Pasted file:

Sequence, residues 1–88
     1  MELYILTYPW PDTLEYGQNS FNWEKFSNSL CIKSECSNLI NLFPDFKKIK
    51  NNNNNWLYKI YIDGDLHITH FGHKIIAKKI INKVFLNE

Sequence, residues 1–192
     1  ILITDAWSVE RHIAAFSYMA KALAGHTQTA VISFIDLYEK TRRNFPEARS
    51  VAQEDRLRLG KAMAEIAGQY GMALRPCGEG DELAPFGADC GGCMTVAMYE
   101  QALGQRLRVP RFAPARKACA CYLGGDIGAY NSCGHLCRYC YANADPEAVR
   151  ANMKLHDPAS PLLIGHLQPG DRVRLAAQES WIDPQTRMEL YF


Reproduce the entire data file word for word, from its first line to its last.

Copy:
Sequence, residues 1–88
     1  MELYILTYPW PDTLEYGQNS FNWEKFSNSL CIKSECSNLI NLFPDFKKIK
    51  NNNNNWLYKI YIDGDLHITH FGHKIIAKKI INKVFLNE

Sequence, residues 1–192
     1  ILITDAWSVE RHIAAFSYMA KALAGHTQTA VISFIDLYEK TRRNFPEARS
    51  VAQEDRLRLG KAMAEIAGQY GMALRPCGEG DELAPFGADC GGCMTVAMYE
   101  QALGQRLRVP RFAPARKACA CYLGGDIGAY NSCGHLCRYC YANADPEAVR
   151  ANMKLHDPAS PLLIGHLQPG DRVRLAAQES WIDPQTRMEL YF